Call For Papers is now closed. Please see OHC2016-CFP for more information
Jon Oxer: Pick and Place machine (live demonstration)
Need we say any more ... https://www.youtube.com/watch?v=282qku2C4xo ?
Josh Stewart: Open source car engine management
Open source car engine management project (hardware and software). Covering hardware design experiences and a project update.
Alistair D'Silva: LinuxCNC for fun and profit (now with deadly lasers)
This talk will cover the basics of converting a Cartesian robot to LinuxCNC, and some of the pitfalls (and fire traps !) encountered.
Sebastian Holzapfel: Hardware projects using eChronos & lwIP: toward high-assurance IoT
What eChronos & lwIP (both open-source) are; why they should be considered for embedded projects (including a brief tutorial-like demonstration of the RTOS & TCP/IP stack), porting lwIP to this RTOS and porting the RTOS to this hardware platform (TI Connected Launchpad). The second half will be a few hardware demos on the platform:
- An IoT light controller that makes everyone in the office annoyed if builds fail.
- A telnet-controlled echo server that makes it easy to test wierd hardware devices before they can connect to the internet.
- An HTTP server that responds to sensor inputs by displaying them on a webpage.
Peter Hardy: Kerbal Space Program simulator hardware controller and display
The talk I'd like to give is a presentation of a fairly large project I've been working on. I've built a custom hardware controller and display interface for a proprietary spaceflight simulator, Kerbal Space Program. It's a pretty big project involving two arduino microcontrollers, and all sorts of input and output devices. There's a full picture gallery of my build at http://imgur.com/a/o2yh0.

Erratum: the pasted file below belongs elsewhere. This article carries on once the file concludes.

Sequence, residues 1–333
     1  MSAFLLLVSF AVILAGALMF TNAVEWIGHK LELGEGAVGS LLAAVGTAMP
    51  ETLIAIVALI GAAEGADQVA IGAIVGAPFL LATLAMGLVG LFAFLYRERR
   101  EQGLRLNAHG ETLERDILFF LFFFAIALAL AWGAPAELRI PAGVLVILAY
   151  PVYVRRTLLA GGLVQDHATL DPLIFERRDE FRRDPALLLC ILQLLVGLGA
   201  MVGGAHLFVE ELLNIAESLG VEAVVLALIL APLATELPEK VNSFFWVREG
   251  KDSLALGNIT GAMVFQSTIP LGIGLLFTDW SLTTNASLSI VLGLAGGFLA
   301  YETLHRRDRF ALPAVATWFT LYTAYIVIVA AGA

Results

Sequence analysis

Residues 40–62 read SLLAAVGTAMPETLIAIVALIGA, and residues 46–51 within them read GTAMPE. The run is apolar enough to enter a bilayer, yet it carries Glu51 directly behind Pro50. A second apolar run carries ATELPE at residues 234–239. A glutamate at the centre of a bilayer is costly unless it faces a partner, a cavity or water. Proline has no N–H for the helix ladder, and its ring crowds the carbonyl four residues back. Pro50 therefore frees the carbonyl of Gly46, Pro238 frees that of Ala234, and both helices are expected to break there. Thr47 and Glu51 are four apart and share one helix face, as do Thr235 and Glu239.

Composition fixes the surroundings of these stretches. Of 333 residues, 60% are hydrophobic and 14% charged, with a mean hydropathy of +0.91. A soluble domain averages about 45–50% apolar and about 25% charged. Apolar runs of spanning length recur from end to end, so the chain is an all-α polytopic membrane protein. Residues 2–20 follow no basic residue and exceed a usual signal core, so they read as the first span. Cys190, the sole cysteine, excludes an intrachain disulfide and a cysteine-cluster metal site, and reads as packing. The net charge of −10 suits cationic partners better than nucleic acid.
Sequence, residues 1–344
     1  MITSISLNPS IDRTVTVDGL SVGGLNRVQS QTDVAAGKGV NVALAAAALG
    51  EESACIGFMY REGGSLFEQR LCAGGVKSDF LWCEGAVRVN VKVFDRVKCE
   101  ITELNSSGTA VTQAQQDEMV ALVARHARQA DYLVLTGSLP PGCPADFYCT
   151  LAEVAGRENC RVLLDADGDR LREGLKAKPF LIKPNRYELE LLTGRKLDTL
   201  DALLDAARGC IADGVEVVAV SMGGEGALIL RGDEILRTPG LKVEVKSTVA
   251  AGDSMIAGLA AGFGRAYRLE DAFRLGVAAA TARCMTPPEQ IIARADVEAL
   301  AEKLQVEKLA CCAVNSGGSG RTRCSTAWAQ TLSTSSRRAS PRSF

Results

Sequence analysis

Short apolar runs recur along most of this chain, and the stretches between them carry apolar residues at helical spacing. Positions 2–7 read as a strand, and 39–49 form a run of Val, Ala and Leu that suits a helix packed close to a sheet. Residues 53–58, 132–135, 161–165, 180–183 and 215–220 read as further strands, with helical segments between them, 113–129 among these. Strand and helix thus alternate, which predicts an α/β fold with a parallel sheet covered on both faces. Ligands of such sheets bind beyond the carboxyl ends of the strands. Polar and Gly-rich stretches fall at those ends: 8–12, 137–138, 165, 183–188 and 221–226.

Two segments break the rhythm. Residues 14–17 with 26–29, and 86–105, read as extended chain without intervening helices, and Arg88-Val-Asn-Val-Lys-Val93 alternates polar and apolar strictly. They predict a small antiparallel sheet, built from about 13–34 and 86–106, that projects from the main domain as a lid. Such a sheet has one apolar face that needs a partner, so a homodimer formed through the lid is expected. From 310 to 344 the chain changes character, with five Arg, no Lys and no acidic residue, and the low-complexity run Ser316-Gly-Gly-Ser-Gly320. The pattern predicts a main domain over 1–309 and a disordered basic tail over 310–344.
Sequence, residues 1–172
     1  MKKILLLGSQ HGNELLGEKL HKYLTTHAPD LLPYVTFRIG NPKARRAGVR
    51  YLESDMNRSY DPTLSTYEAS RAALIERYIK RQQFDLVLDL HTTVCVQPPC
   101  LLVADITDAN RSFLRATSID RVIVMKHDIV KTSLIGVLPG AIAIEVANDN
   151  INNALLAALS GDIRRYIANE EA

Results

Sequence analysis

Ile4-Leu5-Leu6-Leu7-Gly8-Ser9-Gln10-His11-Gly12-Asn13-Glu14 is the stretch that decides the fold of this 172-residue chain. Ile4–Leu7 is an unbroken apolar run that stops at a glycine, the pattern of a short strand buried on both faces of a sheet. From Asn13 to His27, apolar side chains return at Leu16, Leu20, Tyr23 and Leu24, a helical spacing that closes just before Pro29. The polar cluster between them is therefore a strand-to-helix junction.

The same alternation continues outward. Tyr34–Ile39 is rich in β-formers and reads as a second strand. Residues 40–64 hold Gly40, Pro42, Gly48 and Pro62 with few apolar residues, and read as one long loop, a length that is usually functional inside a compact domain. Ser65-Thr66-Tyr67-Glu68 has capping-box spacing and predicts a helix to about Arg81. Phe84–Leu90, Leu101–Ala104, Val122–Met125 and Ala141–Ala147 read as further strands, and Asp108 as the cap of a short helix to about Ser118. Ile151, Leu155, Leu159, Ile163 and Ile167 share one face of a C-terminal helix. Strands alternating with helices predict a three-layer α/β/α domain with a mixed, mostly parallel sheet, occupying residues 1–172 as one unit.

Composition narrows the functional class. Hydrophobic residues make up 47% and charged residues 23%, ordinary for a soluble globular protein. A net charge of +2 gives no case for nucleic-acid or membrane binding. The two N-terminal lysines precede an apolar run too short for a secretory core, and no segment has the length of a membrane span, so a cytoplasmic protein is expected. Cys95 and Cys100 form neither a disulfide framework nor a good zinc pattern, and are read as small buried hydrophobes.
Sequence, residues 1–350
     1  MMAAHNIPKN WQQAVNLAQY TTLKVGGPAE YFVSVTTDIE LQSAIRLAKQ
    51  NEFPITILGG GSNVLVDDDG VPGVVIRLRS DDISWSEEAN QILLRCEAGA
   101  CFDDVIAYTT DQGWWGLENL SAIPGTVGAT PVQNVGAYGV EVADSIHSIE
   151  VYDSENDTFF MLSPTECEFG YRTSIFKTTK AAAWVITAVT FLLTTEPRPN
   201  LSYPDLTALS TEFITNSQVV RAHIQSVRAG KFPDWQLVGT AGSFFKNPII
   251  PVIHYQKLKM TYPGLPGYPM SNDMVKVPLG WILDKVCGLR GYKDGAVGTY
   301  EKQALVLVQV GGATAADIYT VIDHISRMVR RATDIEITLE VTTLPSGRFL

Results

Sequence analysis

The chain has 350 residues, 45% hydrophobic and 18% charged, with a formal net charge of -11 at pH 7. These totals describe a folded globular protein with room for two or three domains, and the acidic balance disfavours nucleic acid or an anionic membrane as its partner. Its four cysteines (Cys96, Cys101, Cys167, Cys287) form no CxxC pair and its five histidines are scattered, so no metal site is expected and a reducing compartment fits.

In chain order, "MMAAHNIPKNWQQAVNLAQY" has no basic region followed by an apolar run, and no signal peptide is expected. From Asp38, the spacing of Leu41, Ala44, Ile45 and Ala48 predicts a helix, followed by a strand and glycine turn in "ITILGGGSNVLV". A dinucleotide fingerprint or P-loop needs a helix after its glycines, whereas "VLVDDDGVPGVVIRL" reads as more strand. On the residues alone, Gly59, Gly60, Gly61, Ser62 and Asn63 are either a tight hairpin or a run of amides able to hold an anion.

There is a Google Group email list for discussion of topics related to the miniconf, including the SimpleBot assembly session:
Each year we build a project developed for the Miniconf, and this year we'll be assembling ESPlant garden sensor designed by Angus Gratton and John Spencer.
The 2016 Open Hardware MiniConf build project is ESPlant, a solar-powered, WiFi-connected environmental sensing platform based around the ESP8266 microcontroller. Designed originally for gardening or weather tracking sensors, as an open design the ESPlant can be adapted to many other uses!
This year's Open Hardware MiniConf does not include soldering. The boards have been pre-soldered. In the workshop we will be assembling them, provisioning them, and learning to use the Arduino IDE to program and customise them, and connect them to the internet.
- Powered via battery, USB, or from an included solar panel.
- Programming and communications via integrated USB serial port.
- Removable Lithium-Ion battery, automatic charging circuit.
- Onboard sensors: BME280 digital temperature, humidity, and barometric pressure sensor. ADXL345 digital accelerometer.
- Offboard sensors are also provided - external temperature, PIR motion, ultraviolet light level, and dual soil moisture probes. There is also provision to connect a string of WS2812B RGB LEDs (a ring of which are included).
- There are also breakout pin connections for other I/O pins, to add your own hardware functionality.
The cost is $88AUD including $8 GST. This covers the price of the ESPlant board and all of the included external parts (including solar panel, battery, and the sensors mentioned above)